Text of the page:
Texas electric vehicle program under scrutiny for subsidizing the rich


(The Center Square) – A Texas program that provides millions of dollars in taxpayer-sponsored rebates for new electric vehicle purchases is under scrutiny for subsidizing wealthy people who buy luxury cars. An analyst calls for the end of the program.

One person received a $2,500 rebate under the program after purchasing a Porsche 918 Spyder, a limited-production hypercar with a base price of $845,000. This car, which has a top speed of over 200 mph, has a range of just 12 miles in all-electric mode, according to the US Environmental Protection Agency.

Another Texas resident was reimbursed $2,500 for the purchase of a Karma Revero GT. The 2021 version of this sports car has a sticker price of between $144,800 and $152,800, according to Edmunds. Other cars purchased under the program include 12 BMW i8 electric sports cars, a Land Rover Range Rover and other luxury vehicles.

Nearly 20% of the $14.3 million in grants awarded under the state’s Light-Duty Purchase or Lease Incentive Program went to luxury car buyers. Buyers of vehicles from luxury automakers Audi, BMW, Cadillac, Jaguar, Land Rover, Lincoln, Mercedes-Benz, Porsche and Volvo received combined rebates totaling $2,784,528. This is 19% of the total amount of grants awarded under the 2014-2021 program.

Studies show that those who are likely to buy an electric vehicle have a median annual household income of $95,000. BlastPoint, a data analytics company in Pennsylvania, reported that its research found that about 25% of likely EV buyers have annual household incomes over $150,000 per year.

The median household income in Texas in 2020 dollars from 2016 to 2020 was $63,826 according to the US Census Bureau. According to the Kelley Blue Book, the median price for a new electric vehicle as of November 2021 was $56,437, approximately $10,000 more than the industry average new vehicle price of $46,329.

According to the Texas Commission on Environmental Quality, the rebate program awarded more than $14.3 million in taxpayer-funded rebates to people who bought or leased 5,931 vehicles from 2014 through August 2021. Texas has more than 22 million registered vehicles, according to the Texas Department of Motor Vehicles.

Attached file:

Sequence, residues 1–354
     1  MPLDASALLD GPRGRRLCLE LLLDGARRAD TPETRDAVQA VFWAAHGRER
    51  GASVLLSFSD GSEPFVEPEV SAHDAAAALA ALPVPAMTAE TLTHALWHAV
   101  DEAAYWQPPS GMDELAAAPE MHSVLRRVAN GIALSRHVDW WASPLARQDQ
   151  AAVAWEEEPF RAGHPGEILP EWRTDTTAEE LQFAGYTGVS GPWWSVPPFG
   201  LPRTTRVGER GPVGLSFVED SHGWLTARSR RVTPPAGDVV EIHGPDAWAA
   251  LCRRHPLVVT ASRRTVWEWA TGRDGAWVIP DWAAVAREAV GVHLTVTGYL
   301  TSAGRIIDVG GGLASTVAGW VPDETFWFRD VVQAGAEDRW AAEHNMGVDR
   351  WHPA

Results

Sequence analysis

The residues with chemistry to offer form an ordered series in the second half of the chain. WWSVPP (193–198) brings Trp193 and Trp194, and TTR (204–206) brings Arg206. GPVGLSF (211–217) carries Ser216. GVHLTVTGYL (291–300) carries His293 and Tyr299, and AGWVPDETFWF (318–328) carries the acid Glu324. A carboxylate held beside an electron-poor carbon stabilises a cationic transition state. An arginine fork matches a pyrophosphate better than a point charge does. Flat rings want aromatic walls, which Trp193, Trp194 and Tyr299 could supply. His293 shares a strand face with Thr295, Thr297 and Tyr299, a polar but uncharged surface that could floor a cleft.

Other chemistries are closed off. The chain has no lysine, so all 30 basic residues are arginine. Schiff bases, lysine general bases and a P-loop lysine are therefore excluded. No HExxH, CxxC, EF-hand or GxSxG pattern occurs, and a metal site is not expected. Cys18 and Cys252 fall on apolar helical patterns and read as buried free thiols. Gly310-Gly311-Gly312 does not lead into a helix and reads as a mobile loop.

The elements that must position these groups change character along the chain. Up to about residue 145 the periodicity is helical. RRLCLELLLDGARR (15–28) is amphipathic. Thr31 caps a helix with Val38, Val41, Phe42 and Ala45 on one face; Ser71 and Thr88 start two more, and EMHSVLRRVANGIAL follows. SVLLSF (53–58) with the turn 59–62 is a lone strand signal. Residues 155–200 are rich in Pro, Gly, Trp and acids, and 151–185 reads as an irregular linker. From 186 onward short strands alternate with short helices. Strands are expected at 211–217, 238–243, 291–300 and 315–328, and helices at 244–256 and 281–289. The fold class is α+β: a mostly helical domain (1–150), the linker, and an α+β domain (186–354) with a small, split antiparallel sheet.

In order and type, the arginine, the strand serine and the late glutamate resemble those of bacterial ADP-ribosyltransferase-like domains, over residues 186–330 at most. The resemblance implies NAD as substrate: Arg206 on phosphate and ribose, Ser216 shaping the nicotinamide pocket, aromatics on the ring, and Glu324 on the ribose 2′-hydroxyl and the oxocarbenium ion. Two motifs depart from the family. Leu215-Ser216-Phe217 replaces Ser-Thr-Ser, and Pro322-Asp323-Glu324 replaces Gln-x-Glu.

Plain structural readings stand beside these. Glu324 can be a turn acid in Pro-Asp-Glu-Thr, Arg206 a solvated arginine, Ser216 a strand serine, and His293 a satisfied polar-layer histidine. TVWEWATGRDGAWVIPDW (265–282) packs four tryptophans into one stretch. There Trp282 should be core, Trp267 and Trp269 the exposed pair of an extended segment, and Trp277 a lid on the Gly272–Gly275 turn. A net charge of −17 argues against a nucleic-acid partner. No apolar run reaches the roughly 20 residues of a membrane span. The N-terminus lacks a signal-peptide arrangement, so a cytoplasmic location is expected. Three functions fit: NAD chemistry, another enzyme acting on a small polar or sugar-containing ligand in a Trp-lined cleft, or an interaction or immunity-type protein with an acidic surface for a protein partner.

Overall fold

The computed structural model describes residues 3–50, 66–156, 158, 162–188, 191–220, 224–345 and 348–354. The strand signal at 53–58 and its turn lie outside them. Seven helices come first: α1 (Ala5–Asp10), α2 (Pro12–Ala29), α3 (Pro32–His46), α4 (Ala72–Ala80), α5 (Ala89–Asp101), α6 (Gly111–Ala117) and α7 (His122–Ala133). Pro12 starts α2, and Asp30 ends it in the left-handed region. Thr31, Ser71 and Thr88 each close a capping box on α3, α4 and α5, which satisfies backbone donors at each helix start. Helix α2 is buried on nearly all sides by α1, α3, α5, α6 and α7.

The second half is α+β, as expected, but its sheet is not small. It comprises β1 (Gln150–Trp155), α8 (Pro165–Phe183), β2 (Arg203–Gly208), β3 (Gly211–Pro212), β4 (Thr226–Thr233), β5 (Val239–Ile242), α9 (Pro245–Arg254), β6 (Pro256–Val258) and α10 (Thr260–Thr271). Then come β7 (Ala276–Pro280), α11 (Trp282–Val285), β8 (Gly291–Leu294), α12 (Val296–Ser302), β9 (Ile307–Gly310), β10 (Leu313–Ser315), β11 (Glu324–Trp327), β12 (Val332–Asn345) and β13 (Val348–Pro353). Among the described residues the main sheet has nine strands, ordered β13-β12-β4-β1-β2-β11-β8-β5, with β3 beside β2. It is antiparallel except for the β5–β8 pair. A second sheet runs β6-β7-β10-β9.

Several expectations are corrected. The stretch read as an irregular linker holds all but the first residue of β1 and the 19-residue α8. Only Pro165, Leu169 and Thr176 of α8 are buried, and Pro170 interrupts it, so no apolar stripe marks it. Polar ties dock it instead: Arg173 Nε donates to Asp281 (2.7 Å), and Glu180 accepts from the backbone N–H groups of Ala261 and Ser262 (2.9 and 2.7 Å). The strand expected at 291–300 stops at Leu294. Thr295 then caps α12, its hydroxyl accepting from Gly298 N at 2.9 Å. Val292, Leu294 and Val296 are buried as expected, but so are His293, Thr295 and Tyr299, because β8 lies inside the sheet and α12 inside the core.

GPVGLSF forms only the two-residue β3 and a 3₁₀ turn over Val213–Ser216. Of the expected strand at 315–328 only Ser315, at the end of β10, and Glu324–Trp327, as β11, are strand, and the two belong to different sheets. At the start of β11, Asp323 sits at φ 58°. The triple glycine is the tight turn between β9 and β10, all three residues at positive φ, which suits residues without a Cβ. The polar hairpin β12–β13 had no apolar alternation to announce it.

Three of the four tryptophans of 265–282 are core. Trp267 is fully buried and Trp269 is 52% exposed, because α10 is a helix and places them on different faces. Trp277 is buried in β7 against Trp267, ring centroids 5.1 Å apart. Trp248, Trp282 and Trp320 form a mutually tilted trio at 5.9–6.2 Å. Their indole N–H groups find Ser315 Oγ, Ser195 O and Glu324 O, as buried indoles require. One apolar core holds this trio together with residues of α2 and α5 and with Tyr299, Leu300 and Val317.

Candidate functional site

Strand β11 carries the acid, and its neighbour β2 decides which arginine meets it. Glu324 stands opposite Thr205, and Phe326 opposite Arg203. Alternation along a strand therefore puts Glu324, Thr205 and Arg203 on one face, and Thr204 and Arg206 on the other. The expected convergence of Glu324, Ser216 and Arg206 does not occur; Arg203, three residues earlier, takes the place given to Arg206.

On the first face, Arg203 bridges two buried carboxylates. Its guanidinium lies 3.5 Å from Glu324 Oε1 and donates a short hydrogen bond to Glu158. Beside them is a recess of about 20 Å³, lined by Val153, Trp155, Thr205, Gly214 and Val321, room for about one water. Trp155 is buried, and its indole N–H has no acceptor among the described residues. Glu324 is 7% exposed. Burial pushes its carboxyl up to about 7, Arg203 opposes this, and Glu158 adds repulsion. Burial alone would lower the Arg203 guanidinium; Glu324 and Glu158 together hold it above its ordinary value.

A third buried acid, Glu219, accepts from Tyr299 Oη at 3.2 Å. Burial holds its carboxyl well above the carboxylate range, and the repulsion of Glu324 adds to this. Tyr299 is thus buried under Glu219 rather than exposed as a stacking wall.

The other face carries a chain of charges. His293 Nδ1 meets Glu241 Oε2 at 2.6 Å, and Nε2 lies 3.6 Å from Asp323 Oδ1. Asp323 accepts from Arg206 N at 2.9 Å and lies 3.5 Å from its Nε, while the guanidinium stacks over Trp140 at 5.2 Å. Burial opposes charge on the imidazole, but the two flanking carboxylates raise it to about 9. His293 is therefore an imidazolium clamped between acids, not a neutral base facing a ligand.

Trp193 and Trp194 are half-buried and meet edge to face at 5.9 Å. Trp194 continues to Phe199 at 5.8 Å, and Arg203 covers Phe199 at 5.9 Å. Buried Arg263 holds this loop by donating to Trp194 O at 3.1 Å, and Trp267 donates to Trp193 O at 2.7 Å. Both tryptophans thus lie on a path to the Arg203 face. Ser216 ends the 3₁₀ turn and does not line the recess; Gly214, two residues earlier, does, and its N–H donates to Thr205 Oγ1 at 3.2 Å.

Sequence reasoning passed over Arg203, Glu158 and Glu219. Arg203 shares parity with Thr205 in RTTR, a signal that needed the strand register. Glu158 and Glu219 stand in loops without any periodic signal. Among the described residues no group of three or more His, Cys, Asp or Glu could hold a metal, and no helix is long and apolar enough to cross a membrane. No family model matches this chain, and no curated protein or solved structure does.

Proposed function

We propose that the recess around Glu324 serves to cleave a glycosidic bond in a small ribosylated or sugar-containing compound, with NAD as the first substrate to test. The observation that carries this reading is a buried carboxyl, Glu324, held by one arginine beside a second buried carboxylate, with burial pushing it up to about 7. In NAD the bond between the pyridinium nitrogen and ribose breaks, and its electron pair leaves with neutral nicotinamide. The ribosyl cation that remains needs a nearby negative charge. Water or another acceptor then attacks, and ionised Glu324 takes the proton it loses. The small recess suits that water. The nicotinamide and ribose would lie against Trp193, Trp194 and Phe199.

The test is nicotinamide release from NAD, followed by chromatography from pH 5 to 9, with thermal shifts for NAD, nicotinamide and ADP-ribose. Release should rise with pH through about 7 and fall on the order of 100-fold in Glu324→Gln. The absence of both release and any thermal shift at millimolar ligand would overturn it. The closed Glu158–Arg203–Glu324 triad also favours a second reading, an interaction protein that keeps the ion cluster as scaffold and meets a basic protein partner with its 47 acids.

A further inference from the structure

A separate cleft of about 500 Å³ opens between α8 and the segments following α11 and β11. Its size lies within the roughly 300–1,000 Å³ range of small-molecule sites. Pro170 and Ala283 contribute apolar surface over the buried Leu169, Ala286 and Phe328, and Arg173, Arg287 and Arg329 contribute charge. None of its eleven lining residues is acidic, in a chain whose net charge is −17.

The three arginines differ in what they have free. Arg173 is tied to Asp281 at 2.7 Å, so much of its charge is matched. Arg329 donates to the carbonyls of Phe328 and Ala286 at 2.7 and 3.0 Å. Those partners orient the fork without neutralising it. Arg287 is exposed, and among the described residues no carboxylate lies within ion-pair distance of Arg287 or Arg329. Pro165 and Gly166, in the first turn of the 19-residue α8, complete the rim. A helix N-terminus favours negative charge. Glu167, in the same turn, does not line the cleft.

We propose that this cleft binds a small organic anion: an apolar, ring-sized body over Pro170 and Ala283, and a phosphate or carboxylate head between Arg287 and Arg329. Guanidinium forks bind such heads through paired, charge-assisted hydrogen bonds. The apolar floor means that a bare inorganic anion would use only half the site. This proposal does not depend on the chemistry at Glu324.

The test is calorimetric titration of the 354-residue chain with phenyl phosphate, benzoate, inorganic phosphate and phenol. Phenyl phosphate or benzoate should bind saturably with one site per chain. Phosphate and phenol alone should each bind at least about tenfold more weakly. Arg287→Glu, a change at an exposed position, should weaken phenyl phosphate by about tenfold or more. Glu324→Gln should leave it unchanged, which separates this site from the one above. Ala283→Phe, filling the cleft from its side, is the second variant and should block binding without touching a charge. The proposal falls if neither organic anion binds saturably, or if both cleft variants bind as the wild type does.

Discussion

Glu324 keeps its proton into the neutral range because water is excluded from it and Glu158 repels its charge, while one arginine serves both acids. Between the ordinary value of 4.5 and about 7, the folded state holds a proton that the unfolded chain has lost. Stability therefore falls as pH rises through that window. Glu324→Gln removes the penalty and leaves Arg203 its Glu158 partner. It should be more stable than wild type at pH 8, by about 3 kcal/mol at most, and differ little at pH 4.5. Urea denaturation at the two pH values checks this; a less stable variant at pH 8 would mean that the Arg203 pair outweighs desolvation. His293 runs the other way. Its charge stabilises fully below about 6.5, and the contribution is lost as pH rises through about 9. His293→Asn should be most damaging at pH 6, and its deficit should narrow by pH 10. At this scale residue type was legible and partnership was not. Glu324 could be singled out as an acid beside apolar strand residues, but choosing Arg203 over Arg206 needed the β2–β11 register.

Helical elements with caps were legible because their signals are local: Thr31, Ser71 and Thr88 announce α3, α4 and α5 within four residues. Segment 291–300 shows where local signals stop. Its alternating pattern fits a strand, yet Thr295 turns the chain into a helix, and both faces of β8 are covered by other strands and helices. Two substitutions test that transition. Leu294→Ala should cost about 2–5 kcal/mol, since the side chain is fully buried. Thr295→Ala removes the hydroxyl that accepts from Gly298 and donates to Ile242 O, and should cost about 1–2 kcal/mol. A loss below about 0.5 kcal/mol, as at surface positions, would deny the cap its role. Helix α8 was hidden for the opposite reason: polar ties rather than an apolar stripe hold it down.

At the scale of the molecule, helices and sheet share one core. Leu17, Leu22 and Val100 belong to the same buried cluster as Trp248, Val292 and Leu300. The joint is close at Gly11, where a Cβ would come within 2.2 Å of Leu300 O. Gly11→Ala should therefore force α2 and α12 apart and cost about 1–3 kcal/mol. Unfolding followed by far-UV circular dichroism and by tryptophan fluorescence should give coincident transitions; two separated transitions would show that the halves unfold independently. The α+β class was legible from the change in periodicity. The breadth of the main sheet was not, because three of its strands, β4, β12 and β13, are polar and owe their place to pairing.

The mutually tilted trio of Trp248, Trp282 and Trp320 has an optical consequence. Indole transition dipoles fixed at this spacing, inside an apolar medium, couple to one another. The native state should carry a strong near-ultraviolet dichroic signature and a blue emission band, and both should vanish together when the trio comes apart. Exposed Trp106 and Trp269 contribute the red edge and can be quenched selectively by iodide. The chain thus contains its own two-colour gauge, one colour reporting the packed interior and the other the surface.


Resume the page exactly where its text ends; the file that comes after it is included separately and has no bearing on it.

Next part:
“The nearly 6,000 vehicles purchased as part of the TERP [Texas Emissions Reduction Plan] have done nothing to measurably improve air quality in Texas cities,” said Brent Bennett, policy director for Life:Powered at the Texas Public Policy Foundation. “Our emissions are so low that our air is almost in a natural state, with weather being by far the biggest contributor to air pollution. In fact, air quality in Texas cities remained nearly unchanged during the 2020 COVID-19 shutdowns, even as vehicle miles traveled fell by almost 50%. Improvements in emissions control technologies and fuel efficiency do far more to improve air pollution than subsidies for electric vehicles.”

Bennett said lawmakers should scrap the rebate program.

“Our legislators need to recognize that the vehicle rebate program in TERP serves no useful purpose,” he said. “Many of the rebates go to luxury vehicles where the rebate is clearly not a driving factor in the purchase. Texas would be better off dissolving the program and getting rid of the vehicle registration fees that fund it.”

The state’s Light-Duty Purchase or Lease Incentive Program provides rebates of up to $5,000 for people who buy or lease new vehicles that run on compressed natural gas or LPG and up to $2,500 for people who who buy or lease new electric vehicles. Under the rules of the program, only people who buy or lease new vehicles from a dealer are eligible for the discounts. The program has no price cap on vehicles that are eligible for rebates, and the top-selling electric vehicle models in the United States that are manufactured by Tesla do not qualify for the rebate program because Tesla does not have dealers. The program also has no income limits for buyers.

According to a. to buyers of a handful of lower-cost electric vehicles report by the Texas Commission on Environmental Quality, which directs the program.

The Nissan Leaf, one of the cheapest electric vehicles for sale in the United States, accounted for 1,416 rebates totaling $3,064,645. The second most popular was the Chevrolet Bolt EV, which accounted for 758 discounts totaling $1,895,000. This was followed by the Chevrolet Volt which, according to records, accounted for 663 rebates totaling $1,640,000 from 2014 through August 2021. These three models alone accounted for $6,599,645 in discounts, or 46% of the total discounts from 2014 through August 2021.